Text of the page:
Puno, (Chairman), Austria-Martinez, Callejo, Sr., and Tinga, JJ., concur.



[1] CA-G.R. SP No. 68395,  dated 06 May 2002, penned by Associate Justice Andres B. Reyes, Jr. with Associate Justices Conrado M. Vasquez, Jr. and Mario L. Guariña, III, concurring.

[2] Dated 12 December 2002.

[3] NLRC NCR CA No. 026584-2000 (NLRC Case No. RAB CAR 02-0088-00), dated 28 September 2001.

[4] NLRC Case No. RAB-CAR-02-0088-00.

[5] Rollo, pp. 46-47.

[6] Rollo, pp. 52-53.

[7] CA Decision, p. 10; Rollo, p. 24.

[8] See Mercidar Fishing Corporation v. NLRC, G.R. No. 112574, 08 October 1998, 297 SCRA440.

[9] Cebu Institute of Technology v. Ople, G.R. No. L- 58870, 18 December 1987, 156 SCRA 629, 672, citing Vera v. Cuevas, G.R. No. L-33693, 31 May 1979, 90 SCRA 379.

[10] 06 April 1989; Rollo. p. 20.

[11] Rollo, pp. 45-46.

[12] Baliwag Transit, Inc. v. Ople, G.R. No. 57642, 16 March 1989, 171 SCRA 250, citing Agric. Credit & Cooperative Financing Administration v. Alpha Ins. & Surety Co., Inc., G.R. No. L-24566, 29 July 1968, 24 SCRA 151; Summit Guaranty and Insurance Co., Inc. v. De Guzman, G.R. No. L-50997, 30 June 1987, 151 SCRA 389; Tormon v. Cutanda, G.R. No. L-18785, 23 December 1963, 9 SCRA 698.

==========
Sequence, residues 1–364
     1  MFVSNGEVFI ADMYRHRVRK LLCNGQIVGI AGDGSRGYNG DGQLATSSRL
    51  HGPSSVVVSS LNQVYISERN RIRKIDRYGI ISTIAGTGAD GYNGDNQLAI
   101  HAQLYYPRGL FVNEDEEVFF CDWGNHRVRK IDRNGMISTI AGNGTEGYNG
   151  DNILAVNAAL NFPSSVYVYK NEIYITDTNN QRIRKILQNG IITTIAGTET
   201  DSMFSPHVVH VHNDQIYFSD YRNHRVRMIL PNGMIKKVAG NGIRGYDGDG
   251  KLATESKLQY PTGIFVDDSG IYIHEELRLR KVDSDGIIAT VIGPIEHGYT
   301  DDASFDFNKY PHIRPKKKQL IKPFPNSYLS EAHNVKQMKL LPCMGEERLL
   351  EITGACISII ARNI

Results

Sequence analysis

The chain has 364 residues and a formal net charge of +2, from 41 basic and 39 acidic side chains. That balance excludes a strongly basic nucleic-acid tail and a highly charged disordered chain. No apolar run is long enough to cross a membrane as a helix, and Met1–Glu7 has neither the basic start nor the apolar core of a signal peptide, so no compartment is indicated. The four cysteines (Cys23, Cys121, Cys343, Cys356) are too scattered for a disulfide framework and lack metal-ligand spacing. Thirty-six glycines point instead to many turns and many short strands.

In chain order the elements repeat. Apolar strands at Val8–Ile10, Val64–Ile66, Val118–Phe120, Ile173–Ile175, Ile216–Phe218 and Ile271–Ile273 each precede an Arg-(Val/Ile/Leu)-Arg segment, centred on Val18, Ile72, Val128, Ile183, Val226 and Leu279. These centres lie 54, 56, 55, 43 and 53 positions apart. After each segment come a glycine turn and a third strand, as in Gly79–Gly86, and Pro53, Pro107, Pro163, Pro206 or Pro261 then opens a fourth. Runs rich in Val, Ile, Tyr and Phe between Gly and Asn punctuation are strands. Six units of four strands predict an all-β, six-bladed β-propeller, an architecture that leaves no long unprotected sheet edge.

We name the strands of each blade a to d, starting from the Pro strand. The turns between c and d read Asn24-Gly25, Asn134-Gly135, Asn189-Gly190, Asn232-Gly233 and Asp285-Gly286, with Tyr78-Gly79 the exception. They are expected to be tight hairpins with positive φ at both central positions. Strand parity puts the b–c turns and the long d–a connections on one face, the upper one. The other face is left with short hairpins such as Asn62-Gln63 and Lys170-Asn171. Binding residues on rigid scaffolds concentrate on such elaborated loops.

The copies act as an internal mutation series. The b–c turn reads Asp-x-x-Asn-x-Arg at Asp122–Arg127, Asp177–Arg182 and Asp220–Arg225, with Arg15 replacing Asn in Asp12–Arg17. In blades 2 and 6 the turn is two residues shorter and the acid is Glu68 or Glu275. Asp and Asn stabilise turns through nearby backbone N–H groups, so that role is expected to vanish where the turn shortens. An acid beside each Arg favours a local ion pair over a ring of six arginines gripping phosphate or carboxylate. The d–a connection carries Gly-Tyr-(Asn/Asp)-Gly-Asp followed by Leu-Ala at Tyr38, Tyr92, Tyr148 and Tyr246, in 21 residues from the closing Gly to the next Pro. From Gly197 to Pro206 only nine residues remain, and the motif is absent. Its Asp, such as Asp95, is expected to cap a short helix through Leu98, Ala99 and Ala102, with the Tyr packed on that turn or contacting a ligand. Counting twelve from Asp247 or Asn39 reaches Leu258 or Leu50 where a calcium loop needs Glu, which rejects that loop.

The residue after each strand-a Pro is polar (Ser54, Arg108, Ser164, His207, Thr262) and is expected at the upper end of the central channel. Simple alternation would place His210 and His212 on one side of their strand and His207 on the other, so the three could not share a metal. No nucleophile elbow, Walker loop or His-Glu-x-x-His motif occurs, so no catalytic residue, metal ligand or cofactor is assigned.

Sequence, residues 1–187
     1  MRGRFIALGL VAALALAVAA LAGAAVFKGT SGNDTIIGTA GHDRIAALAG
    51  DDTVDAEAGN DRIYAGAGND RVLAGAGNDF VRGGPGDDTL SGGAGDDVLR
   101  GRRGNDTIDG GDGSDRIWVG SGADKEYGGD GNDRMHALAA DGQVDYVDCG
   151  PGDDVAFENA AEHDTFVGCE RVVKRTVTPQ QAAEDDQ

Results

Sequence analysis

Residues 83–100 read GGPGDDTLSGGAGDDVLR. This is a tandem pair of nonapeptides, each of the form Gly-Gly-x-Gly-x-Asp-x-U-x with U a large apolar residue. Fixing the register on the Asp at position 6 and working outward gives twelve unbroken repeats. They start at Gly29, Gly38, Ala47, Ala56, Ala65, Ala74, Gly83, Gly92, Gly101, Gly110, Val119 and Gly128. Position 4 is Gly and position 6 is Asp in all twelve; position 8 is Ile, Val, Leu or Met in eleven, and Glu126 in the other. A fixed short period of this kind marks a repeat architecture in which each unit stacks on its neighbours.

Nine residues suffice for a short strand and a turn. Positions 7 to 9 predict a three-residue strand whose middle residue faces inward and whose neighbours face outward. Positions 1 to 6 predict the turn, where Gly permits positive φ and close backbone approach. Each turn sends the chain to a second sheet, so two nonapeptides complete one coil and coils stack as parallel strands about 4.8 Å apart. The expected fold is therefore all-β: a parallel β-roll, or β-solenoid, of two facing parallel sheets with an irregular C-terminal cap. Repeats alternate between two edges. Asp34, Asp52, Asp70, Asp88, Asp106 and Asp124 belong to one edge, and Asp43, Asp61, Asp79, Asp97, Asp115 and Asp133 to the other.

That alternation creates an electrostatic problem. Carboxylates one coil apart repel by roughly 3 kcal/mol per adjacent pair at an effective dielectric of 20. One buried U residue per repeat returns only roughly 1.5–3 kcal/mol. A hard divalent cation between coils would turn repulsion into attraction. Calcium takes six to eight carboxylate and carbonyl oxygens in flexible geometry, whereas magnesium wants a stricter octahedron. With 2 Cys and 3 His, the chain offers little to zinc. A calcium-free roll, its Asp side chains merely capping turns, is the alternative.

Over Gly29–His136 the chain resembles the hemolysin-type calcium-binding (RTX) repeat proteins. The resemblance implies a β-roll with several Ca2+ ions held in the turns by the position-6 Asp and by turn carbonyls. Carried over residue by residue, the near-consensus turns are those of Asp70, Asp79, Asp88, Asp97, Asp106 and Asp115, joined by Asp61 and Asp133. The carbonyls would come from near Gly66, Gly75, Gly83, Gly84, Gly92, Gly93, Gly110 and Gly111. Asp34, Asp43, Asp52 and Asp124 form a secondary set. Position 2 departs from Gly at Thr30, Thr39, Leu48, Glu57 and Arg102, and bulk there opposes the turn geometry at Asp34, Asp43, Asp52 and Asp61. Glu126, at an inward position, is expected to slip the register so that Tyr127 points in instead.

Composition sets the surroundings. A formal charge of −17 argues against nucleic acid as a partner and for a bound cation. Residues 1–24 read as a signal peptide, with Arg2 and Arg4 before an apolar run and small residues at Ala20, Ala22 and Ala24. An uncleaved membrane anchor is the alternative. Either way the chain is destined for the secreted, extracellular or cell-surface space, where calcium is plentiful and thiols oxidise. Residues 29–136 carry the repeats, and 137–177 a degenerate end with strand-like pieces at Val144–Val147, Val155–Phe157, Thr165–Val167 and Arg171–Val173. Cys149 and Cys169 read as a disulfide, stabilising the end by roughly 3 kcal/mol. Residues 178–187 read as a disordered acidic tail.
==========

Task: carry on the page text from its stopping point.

[13] See De Guzman, et al. v. CA and Nasipit Lumber Co., G.R. No.132257, 12 October 1998, 297 SCRA 743.

[14] See E. Ganzon, Inc. v. NLRC, G.R. No. 123769, 22 December 1999, 321 SCRA 434.

[15] Fernandez v. NLRC, G.R. No. 105892, 28 January 1998, 349 Phil 65.

[16] Ibid.

[17] Ibid., pp. 94-95.

[18] Abella v. NLRC, G.R. No. L-71813, 20 July 1987, 152 SCRA 140, citing Volkschel Labor Union v. Bureau of Labor Relations, G.R. No. L-45824, 19 June 1985, 137 SCRA 43.

[19] Sarmiento v. Employees’ Compensation Commission, G.R. No. L-68648, 24 September 1986, 144 SCRA 421, citing Cristobal v. Employees’ Compensation Commission, G.R. No. L-49280, 26 February 1981, 103 SCRA 329; Acosta v. Employees’ Compensation Commission, G.R. No. L-55464, 12 November 1981, 109 SCRA 209.